It's the day of the event, and everything is going well. Suddenly, the band asks for a dinner buyout, but expect a little bit more than you allocated for your budget. In addition, you might use some petty cash for emergencies (like extra guitar picks), and to cover some unexpected expenses from the venue. But after spending on all these items, you quickly run out of petty cash, banks are closed, and an ATM is too far away. What happens next?

You don't want to end up in this situation, as it can quickly snowball into more problems and stress. That's why it's important to have some petty cash on-hand to cover hidden costs and surprises. Here's our guide to figuring out how much petty cash should you allocate for each show.

What is Petty Cash?


For new organizers, petty cash can be a new term to your event planning vocabulary. In general, petty cash refers to a fund of cash bills that will go to unexpected costs the day of the event.

This fund should be paper money in the local currency, and should equal approximately $200-$500. It should also be kept safe by the business manager, who might give money to a runner for important errands.

What might petty cash cover?


$200-$500 might seem like a lot for an emergency fund, but it can really come in handy. For one, traveling bands or event planners might run into problems with their credit cards, especially with international travel. Some venues might have trouble accepting particular cards and occasionally, banks mistakenly freeze credit cards when too much travel is detected. While some of these scenarios are uncommon, have some cash on-hand the day of the event will save you a lot of trouble.

There are some typical unexpected costs that the petty money can be used for, such as:

  • Extra snacks, food, and drinks for performers and crew
  • make change for bands selling merchandise
  • taxi, bus, or train fares
  • car rentals
  • changes in hotel room accommodations
  • tips for hospitality (delivery drivers, waitresses, etc.)
  • last-minute photocopies (of important documents or PR materials like flyers)
  • supplemental materials (extra event bracelets, temporary passes, etc.)

In addition, it can also be helpful for last-minute emergencies. For example, a traveling band's van might get a flat tire on the way to an event. Having petty cash will help cover towing fees or quick fixes. Or, maybe a few microphone (XLR)  or guitar cables are missing, forgotten at a former venue. A runner might rent a car to buy the new cables in time for sound-check.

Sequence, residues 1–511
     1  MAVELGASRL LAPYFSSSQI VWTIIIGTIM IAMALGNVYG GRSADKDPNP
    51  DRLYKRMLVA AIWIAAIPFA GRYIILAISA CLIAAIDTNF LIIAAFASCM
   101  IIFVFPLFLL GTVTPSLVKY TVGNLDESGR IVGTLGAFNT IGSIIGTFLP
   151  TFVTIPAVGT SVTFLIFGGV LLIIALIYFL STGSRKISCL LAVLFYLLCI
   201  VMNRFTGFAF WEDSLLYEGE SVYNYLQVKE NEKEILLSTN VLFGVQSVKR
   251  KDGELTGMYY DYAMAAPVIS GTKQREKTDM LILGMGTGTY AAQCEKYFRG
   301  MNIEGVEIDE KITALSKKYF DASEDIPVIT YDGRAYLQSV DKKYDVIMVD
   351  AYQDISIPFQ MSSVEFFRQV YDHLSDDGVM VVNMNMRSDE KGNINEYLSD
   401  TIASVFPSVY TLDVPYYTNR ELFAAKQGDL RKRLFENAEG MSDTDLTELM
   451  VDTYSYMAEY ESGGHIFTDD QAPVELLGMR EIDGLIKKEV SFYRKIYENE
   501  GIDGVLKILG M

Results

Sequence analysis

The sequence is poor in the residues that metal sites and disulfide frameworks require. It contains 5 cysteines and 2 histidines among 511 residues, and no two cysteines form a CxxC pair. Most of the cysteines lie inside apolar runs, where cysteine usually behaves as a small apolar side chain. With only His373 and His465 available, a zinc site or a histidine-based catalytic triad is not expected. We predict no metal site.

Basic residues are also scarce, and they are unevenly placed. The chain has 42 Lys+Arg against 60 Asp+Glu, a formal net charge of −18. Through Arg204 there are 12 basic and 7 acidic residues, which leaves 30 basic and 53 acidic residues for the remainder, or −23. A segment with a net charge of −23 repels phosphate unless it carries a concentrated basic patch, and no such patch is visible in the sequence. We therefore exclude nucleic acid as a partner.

In contrast, not having petty cash on hand can create more problems for you. Since most credit cards only allow authorized users to use them, you might waste time trying to complete these simple tasks on your own, just because you're the only one who can use a dedicated credit card for event expenses. The cash therefore makes your job much easier.

Track Your Petty Cash


Most importantly, petty cash should be accounted for each and every time it's used to cover an expense. For one, it keeps your entire event budget on track. Though $20 here for coffee and $30 there for a buyout doesn't sound like a lot, it can quickly add up. You should treat your petty cash as an important reserve, and limit who has access to the cash to an important, responsible person, such as your business manager. When possible, collect or track money by saving receipts or taking notes, and check the petty cash fund at the end of the night.

Overall, having a small fund of petty cash can help solve unexpected problems and cover costs and make sure your event runs smoothly the day of the concert or festival. For more event planning tips, contact us! We can help you make sure your event is as stress-free as possible.

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